Posted by: Rod Gillis on Friday, 28 June 2013 at 1:29am BST

Cynthia, the problem is that the CofE has made an appalling strategic error. It comes from a naive attitude of thinking the best of people, no matter how difficult it is. That in isolation is a laudable way to behave. But as a basis for strategic planning, good intentions are not enough.

The CofE thinks that you can negotiate with irreconcilables. They think that people who believe homosexuality is the worst sin, and people that think that women are incapable of headship, actually don't believe either of those things and are just negotiating details. It's the old joke about belief in God being optional in the CofE, restaged: the debate rests on the assumption that no-one has core beliefs, and everything is about picking and choosing from a smorgasbord of individual positions.

They just don't get it. Opponents of same-sex marriage couldn't care less about quadruple locks and the anomaly of adultery and the issue of consummation, nor will they accept a little movement on some obscure doctrinal issue in exchange. They just don't like gays, and don't want them in their church or, ideally, in society at all. That's the end of it. You can't negotiate with them, because their essential position will not change.

The same goes, mutatis mutandis, for the ordination of women. Their issue isn't with oversight and resolution A versus B, their issue is with the ordination of women. There is no negotiation that will make things better. No concession will be enough, other than an agreement to not ordain women.

Once you have people who believe that they are being attacked the very existence of rights for others, you cannot negotiate. They will not move. That the CofE refuses to see this, and is unwilling to simply tell those that disagree to leave, is why it cannot ever resolve the issues. There is no compromise that will suffice other than giving them exactly what they want.

No-one seriously suggested that Apartheid should be phased out slowly to avoid upsetting elderly Voortrekkers, nor would they have been happy with that concession. The people that defended Apartheid defended it absolutely, not by discussing precisely which swimming pools should be de-segregated. The irreconcilables in the CofE are those Voortrekkers, and nothing will satisfy them. Sometimes, you have to accept that people are going to be unhappy.

Posted by: Interested Observer on Friday, 28 June 2013 at 7:54am BST

As a New Zealand Anglican, I am proud of my Anglican Church's association with TEC! I am also aware of TEC's important initatives on issues of gender and sexuality -despite the all too often destructive comments from those former TEC people who have chosen to move out of their parent Church, in order to follow their own antedeluvian understanding of the human realities.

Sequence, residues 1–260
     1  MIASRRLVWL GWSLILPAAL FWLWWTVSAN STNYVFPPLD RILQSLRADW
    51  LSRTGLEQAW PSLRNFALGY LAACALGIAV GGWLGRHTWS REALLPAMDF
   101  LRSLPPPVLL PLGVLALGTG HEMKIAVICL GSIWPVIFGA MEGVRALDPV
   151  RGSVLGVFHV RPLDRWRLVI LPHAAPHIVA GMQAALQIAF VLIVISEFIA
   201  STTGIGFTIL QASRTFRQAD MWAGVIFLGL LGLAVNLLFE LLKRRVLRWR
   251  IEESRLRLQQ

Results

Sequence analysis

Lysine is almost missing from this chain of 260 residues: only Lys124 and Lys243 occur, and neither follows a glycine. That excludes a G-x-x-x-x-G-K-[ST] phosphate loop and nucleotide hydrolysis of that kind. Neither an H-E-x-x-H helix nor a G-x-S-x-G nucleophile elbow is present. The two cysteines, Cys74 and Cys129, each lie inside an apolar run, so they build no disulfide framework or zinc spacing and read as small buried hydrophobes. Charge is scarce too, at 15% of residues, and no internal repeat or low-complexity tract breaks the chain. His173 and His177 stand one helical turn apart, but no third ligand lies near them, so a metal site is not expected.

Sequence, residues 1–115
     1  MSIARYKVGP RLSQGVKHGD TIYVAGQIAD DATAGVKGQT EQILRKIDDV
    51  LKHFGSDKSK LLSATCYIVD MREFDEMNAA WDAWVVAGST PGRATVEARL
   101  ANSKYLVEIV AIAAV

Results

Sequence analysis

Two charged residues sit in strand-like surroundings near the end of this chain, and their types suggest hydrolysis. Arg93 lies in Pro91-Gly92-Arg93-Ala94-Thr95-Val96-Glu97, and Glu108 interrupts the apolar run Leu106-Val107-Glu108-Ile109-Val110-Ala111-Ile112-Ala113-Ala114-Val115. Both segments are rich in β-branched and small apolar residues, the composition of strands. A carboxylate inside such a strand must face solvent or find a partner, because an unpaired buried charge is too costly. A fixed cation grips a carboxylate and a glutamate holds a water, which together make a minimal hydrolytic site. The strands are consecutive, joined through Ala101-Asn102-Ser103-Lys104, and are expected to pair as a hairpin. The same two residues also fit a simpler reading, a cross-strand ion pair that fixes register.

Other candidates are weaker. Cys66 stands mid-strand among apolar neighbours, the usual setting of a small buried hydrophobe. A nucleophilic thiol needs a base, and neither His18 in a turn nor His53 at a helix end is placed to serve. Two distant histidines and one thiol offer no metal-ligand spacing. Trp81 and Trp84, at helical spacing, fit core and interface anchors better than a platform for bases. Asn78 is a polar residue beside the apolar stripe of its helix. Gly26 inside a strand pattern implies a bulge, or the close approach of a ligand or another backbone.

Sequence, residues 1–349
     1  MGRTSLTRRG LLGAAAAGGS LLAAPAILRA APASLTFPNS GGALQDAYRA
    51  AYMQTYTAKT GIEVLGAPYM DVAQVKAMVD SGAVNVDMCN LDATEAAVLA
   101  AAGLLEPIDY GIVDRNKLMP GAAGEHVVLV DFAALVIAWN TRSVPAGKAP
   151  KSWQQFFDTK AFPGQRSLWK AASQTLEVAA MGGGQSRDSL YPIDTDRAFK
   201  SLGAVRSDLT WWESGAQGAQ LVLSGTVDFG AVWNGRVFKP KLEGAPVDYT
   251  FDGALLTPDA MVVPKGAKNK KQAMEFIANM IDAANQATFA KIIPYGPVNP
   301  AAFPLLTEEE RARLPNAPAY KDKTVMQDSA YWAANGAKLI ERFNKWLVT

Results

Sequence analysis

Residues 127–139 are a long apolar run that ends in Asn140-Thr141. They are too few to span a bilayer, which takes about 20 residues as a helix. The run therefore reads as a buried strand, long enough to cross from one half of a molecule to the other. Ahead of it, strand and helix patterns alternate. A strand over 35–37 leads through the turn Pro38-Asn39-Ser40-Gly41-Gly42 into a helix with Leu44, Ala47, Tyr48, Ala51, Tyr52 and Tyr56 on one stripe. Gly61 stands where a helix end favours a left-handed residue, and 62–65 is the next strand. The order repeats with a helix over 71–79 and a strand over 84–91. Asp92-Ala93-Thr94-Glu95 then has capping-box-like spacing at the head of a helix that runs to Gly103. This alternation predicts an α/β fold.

There can be little doubt that the enlightened stance of TEC has encouraged the US Government to bring justice to the LGBT community in North America. Deo gratias!

Posted by: Father Ron Smith on Friday, 28 June 2013 at 9:37am BST

Thank you, Interested Observer. That is an interesting viewpoint and it is kinder to think of CoE through the lens of naiveté.

However, you are spot on about apartheid. And in the US MLK said that you can't legislate a man to love me, but you can legislate to get him to stop killing me. Something like that. And that is what happened. And we were left with a minority that would like to kill, but it's not as acceptable as the days of lynch mobs.

The hate is that intense, that real, and that intractable. -phobias, are irrational, whether it is homophobia or the racial or gender equivalents.

There are a lot of people who's hearts can be changed. I find it unlikely, however, that the anti-gay and anti-women activists will change, they are too invested in their hate and have dressed it up elaborately with their "theology."

The day CoE makes the moral decisions and moves on will be a happy day. They will regain respect and stature, and people might actually listen to them when they address the plight of the poor. Right now, if you read the Guardian comments, people believe that the CoE worships a "sky fairy" who gives them a set of immoral rules to foist on people.

I pray that we can all come together to be a force for justice and decency for everyone, working together on behalf of people who can't work for themselves.

Posted by: Cynthia on Friday, 28 June 2013 at 4:21pm BST

'The same goes, mutatis mutandis, for the ordination of women. Their issue isn't with oversight and resolution A versus B, their issue is with the ordination of women. There is no negotiation that will make things better. No concession will be enough, other than an agreement to not ordain women.'